What’s gone wrong with Canada’s housing market happened over decades, at city councils across the country. Some of what’s needed to set it right could come from Parliament Hill.
Over the past 30 years, Metro Vancouver added more than a million people. The Greater Toronto Area added nearly three million. It’s a similar story across Canada. Yet restrictive municipal zoning makes it difficult to build much-needed new housing, especially in established neighbourhoods. City councils, beholden to existing homeowners, block adding density anywhere other than on large plots of empty land. So our cities mostly grow out, not up.
Mix too little supply and a growing population with low interest rates, and housing prices have surged.
Increasing supply is the long-term solution. City councils – stuck in a decades-old mindset that stands against missing-middle housing, such as townhomes and small apartment buildings, in neighbourhoods of single-family houses – have failed to do so. There’s plenty of land but too much of it is occupied by the least amount of density possible.
Housing is a big part of both the Liberal and Conservative platforms in a way it has not been in recent elections. It’s an attempt to respond to younger voters priced out of home ownership. The headline promises are grandiose. The Conservatives say they will get one million homes built in three years. The Liberals pledge to “build, preserve or repair” 1.4 million in four years.
The reality is these lofty-sounding promises aren’t all that much higher than the current rate of housing construction. Still, both leading parties at least recognize that supply is lacking, and more of it is essential.
What’s also new is both leading parties are promising to wield Ottawa’s might to push against local restrictions.
The Conservatives want to tie federal transit spending to the loosening of zoning constraints near funded projects. This is smart but, like all such promises, details matter. What does “near” mean? More density within a block won’t do much; insisting on it for a kilometre in all directions will.
The Liberals promise $4-billion to “help cities accelerate housing construction.” It’s unclear how this would work but, again, the push for change from above could be helpful.
The idea of levering the heft of higher levels of government to make a difference in local housing is percolating. Oregon has instituted statewide zoning changes; California – whose zoning is so restrictive that the state has both a growing economy and a shrinking population – is working toward the same goal. In Canada, a recent provincial-federal report on housing affordability in British Columbia concluded the province must intervene, because change is unlikely if left to city councils.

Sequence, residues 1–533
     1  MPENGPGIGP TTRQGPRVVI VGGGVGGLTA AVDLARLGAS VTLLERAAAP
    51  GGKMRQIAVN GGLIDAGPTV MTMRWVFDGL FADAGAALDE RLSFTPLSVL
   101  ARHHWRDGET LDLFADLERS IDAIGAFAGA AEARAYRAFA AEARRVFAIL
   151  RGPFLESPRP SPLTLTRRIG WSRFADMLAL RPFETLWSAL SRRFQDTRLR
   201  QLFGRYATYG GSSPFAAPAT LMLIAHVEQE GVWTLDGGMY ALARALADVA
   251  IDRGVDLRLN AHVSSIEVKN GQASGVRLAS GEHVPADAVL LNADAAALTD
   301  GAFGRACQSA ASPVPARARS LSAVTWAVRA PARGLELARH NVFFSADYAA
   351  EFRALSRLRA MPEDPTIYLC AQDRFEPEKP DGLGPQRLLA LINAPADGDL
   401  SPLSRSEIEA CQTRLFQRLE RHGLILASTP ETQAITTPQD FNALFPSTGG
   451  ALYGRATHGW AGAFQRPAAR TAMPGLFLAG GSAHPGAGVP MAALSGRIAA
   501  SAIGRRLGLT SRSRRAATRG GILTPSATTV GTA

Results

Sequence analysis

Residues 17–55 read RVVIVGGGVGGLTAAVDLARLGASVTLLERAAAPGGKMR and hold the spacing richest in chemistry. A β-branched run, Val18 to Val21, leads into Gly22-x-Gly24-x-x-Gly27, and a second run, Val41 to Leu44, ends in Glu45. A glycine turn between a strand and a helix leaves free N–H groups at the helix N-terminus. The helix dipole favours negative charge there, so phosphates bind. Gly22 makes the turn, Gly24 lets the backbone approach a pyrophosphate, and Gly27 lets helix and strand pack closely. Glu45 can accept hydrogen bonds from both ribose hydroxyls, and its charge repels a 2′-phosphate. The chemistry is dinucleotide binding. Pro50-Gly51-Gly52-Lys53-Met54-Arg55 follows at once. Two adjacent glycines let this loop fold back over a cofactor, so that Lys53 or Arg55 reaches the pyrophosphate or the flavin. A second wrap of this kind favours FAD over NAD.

Ottawa can also make a difference in non-market affordable housing. A half century ago, the federal government provided cash for everything from capital to operating costs. At the peak in the 1970s, 25,000 units of affordable housing were built each year. From 1990 through 2019, the annual tally was 3,000 units. The Liberals’ national housing strategy has in part restored Ottawa’s role, but its aim of 16,000 units of affordable housing a year is unambitious compared with the past.
In this campaign, the Liberals promise more money for affordable housing, the Conservatives suggest a greater use of community land trusts, and the NDP has a target of 50,000 units a year, but don’t really say how that would happen.
Building is one thing; preserving what exists is another. Housing advocates such as Vote Housing and Generation Squeeze point to the need to save affordable homes that stand today. From 2011 to 2016, through demolition or rent hikes, Canada lost more than 300,000 units renting for less than $750 a month.
The parties are also offering an array of measures to put more taxpayer dollars in the hands of home buyers. These won’t get more houses built or corral high prices; they will instead add to the problem of house-price inflation.
The Conservatives and Liberals both want to ban foreign buyers for two years. It’s worth a try, but the impact on prices would likely be minimal.
And the Liberals say they would end blind bidding. That’s a good idea, and one that would be popular – but it’s not clear how Ottawa can make it happen, given that this is an area of provincial jurisdiction.
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